Sunday, February 3, 2008

A funny thing happened on the way to the blog . . .


When we began the blog, we were really into beading. At the time I couldn’t envision knitting anything that didn’t have a bead in it. All was going well when Knit discovered an article in Angel Hair Yarn. It was about felting. We were thinking about felting and we tried those booties but here was something we could do without worrying about size and fit.
The article was called the “No Rules” bag. The idea was that she would knit her version of it and I would knit my version of it and we could start something which showed how different knitters using the same pattern could have very different outcomes.
We bought yarn in wild colors. Knit took it first and used the Angel Hair Yarn directions to make a rectangle bottom bag. She turned down the hem and sewed on the handles. She thought the bag was really ugly at this point, but on she went. After felting, it came out of the washer wider at the top. The double thickness of the hem did not shrink as much as the rest of the bag. The top edge was all wavy. “Disaster!” she thought. Then she smoothed out the hem and let the bag dry. As is sometimes the case with felting, you get something different than what you expect. “I love my bag!” she exclaimed and packed up the yarn for me. Knit kept her bag a secret until I finished mine so we could compare.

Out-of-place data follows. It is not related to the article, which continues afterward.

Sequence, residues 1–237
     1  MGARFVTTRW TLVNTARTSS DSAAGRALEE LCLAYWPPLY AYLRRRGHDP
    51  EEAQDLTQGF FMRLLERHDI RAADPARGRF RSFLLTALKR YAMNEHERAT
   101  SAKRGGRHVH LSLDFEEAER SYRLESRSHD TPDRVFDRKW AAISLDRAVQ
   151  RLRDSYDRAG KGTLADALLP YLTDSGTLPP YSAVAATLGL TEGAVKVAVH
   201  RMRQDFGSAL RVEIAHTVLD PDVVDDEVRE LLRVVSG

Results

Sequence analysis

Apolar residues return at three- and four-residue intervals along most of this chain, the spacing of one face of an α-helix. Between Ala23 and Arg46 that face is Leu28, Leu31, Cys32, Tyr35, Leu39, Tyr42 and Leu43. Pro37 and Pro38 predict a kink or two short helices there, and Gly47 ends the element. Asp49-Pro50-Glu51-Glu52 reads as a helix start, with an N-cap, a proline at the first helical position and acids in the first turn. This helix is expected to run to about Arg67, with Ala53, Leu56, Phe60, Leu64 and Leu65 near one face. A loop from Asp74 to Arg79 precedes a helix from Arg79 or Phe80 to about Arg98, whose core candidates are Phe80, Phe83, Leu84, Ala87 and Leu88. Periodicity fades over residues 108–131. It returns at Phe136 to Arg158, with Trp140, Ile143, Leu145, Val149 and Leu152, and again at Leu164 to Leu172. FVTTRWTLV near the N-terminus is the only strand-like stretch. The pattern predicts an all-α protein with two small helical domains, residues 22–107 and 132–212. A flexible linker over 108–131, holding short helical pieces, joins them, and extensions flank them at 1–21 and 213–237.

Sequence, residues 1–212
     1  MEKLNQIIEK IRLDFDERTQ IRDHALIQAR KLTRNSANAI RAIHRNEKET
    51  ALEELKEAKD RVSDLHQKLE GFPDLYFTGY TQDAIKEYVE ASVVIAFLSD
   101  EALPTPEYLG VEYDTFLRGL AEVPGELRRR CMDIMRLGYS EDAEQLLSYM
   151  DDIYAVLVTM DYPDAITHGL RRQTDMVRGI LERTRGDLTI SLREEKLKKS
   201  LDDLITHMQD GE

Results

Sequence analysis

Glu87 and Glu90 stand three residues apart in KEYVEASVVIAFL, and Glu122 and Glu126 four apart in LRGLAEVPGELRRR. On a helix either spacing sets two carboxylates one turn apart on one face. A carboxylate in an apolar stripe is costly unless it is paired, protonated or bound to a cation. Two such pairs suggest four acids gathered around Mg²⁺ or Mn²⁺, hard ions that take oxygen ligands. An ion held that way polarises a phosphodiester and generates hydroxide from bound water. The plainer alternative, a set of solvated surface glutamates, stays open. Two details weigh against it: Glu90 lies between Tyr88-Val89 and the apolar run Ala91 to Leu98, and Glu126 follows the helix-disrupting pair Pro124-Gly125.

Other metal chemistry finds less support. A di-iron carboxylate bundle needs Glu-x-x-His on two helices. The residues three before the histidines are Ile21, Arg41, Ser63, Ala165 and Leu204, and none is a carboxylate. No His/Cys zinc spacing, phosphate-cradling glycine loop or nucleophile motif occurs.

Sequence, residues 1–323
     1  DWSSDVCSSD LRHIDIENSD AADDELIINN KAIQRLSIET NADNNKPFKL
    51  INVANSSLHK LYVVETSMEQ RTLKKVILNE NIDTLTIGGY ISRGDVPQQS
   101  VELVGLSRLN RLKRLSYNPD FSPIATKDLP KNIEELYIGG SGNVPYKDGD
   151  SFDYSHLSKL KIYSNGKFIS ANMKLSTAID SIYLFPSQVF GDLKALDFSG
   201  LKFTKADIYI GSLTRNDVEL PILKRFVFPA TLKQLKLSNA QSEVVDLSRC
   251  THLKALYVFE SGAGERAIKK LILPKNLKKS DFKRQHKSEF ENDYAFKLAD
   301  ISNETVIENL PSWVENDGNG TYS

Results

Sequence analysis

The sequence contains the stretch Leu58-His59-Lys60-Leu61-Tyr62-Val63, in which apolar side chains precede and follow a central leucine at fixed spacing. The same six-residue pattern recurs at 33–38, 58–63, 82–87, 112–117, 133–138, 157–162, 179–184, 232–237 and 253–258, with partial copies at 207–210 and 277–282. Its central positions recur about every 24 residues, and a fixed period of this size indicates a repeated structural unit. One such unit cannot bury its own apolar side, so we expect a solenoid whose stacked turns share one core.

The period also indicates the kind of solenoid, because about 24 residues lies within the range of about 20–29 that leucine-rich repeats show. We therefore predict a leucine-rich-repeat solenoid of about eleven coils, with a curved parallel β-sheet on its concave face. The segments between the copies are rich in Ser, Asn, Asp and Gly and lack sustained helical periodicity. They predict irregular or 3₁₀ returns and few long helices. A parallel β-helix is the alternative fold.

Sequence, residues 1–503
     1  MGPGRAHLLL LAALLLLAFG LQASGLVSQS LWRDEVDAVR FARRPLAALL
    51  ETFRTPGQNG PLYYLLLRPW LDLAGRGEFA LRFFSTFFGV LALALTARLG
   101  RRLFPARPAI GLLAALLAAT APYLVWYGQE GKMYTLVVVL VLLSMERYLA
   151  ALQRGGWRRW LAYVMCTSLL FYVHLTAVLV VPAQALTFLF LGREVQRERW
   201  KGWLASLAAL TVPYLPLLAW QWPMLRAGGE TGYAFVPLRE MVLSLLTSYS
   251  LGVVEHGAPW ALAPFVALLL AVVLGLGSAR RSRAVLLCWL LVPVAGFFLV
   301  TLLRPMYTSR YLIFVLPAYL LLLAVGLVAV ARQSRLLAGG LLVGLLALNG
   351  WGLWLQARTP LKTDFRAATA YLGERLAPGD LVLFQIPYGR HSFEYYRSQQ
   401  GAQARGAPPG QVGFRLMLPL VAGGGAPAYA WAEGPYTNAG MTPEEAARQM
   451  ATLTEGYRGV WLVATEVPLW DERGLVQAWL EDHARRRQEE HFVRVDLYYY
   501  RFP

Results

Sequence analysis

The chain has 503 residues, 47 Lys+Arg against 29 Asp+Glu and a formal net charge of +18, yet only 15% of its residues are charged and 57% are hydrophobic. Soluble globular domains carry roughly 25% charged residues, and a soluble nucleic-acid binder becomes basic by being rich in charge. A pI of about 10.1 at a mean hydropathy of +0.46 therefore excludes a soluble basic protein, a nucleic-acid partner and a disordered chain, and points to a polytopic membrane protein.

Of course, I took so long to make mine that by the time I was finished Knit had completed a neat half dozen bags of all shapes and with all kinds of carry-along yarn.
I began my bag smaller. Casting on 130 stitches was off-putting to me right from the start. I also didn’t do the rectangular bottom. I tried to use the Fibonacci method for my striping but I lost count somewhere along the way and what you see is what I got.
The experiment worked, though. We each got very different bags and it’s been the same ever since. Whatever pattern we use, Knit and Purl come up with very different results. Mine is on the left and Knit’s is on the right. It was a fun experiment and when we taught the method to our group not a single bag they produced was alike. They’re sort of like snow-flakes.
The moral of the story is: creative people are creative. A pattern is just a starting place.

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